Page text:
der Platz = place, room, space
der Schatz = treasure, precious, sweetheart

No, I’m not going to try to write new English lyrics for the melody. Someone did that already, and I don’t like it. Frank Sinatra sang a version more true to the original, which isn’t too bad.

And no, I’m not going to apologise for making a meal of this drinking song chorus. This is my language log, and if I get stuck in and get my hands dirty, it’s so I can get a grip on the language, not to entertain my sparse readership.

Pete

Die Sprachschule

My introductory German class is at Hughes, fifteen minutes drive away. Twenty students with various degrees of senior citizenhood assembled in a small classroom under the direction of our tutor, who proved himself to be a stickler for punctuality and order, a trait shared by the German folk in general, who might be on an empty street at two in the morning, but will still wait for the green man.

Also a beautifully dry sense of humour and a taste for grammar, both aspects which will, I trust, make this a particularly enjoyable class for me.

We covered the alphabet, pronunciation, a little grammar – mostly the various ways German has of dealing with the definite article – and a song or two.

A drinking song, believe it or not, and though we had nothing stronger than coffee and cake, it was hard not to get swept up in the rhythm and enthusiasm. This, I suspect, is the sort of song that makes drunken German people stand up with a stein of beer when the band plays the first bar or two. So to speak.

An afternoon storm made its presence known. “Donner,” I murmured to myself, and made a mental note to investigate the gender of the noun so as to associate it with its correct article. Der Donner, according to my iPhone German dictionary app.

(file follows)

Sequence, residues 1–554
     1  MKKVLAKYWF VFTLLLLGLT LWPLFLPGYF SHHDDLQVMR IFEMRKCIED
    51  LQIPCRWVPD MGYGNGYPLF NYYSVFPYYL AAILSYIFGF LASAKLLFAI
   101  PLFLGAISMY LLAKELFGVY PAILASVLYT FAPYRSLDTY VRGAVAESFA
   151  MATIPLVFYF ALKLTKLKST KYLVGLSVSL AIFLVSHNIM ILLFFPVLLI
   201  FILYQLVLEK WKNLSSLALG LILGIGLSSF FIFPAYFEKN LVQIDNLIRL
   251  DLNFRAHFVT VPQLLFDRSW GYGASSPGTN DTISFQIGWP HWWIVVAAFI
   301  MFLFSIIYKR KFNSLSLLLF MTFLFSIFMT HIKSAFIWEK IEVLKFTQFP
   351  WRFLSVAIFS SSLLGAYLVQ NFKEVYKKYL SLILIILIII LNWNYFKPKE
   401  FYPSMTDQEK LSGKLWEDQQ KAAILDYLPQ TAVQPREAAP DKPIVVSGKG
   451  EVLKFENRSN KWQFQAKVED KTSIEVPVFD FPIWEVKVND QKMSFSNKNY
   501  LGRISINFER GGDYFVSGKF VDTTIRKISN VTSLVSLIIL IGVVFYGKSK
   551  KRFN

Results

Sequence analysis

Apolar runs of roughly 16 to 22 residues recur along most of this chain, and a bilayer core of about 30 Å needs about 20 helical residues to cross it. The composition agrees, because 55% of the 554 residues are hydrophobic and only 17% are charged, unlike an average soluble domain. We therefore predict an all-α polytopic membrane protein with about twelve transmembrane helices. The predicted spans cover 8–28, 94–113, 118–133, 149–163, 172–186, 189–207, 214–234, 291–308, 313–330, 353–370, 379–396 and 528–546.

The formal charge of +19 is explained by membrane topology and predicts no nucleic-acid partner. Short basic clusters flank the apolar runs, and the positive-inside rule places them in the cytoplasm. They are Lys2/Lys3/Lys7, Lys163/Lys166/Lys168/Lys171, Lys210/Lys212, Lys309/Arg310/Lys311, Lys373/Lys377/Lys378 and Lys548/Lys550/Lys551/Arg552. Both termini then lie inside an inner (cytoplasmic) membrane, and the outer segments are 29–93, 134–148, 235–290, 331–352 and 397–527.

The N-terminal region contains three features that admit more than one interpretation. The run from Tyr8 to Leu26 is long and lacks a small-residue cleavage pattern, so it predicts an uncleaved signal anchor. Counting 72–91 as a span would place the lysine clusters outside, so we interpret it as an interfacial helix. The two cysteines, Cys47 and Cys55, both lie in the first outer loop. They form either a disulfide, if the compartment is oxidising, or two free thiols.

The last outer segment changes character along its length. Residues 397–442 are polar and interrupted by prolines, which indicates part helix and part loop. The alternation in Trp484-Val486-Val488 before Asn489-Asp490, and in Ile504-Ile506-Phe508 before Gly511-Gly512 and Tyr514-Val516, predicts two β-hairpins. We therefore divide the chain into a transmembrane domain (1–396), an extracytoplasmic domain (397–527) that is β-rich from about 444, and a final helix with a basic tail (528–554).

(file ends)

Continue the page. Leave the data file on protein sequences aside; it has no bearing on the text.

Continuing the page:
Der Blitz = the lightning
Die Wolke = the cloud
Das Wetter = the weather

Nouns are capitalised – often a word is both a noun and a verb, and this helps distinguish the two – and take one of three articles according to gender. Every noun has a gender: feminine, masculine, or neuter. Not sure why, but there it is.

But a plural noun takes the feminine form of the article. Der Blitz, but Die Blitzen. Not sure if this makes life easier or more difficult, but again, there it is.

Still drizzling when we broke up, and I was cheered to discover a Little Free Library outside. As a BookCrosser, these things are a magnet. Next week I must bring along a book or two to help keep the turnover up.

Pete

Hah für Hugo

In the nick of time my German text has arrived. This is the text for my University of the Third Age course, beginning tomorrow.

The tutor had warned us – after I had sent off my order – not to buy the expensive edition with the three included CDs because he had made a CD comprising all the conversations we would study plus some additional material.

Guess which edition I had ordered? I’d taken the position that getting the conversation right is half the battle, and I didn’t see any mention of a download site for the spoken texts. Sure, I could puzzle out the pronunciation and try to remember the voice of the tutor, but there’s really no substitute for hearing native speakers say the words.

And I could listen again and again, speak along with the CD, really drill the words and the word order and the pronunciations into my thick head.

Not to worry. Only a few dollars more. All up, the whole thing would cost me not much more than a hundred dollars for a year of instruction. That’s the beauty of U3A. It’s all pretty much free. We students pay a dollar an hour for the room rent, a few dollars for incidentals such as photocopying and refreshments, and that’s it. The tutor provides their services for nothing more than the pleasure of passing along their lifetime skills.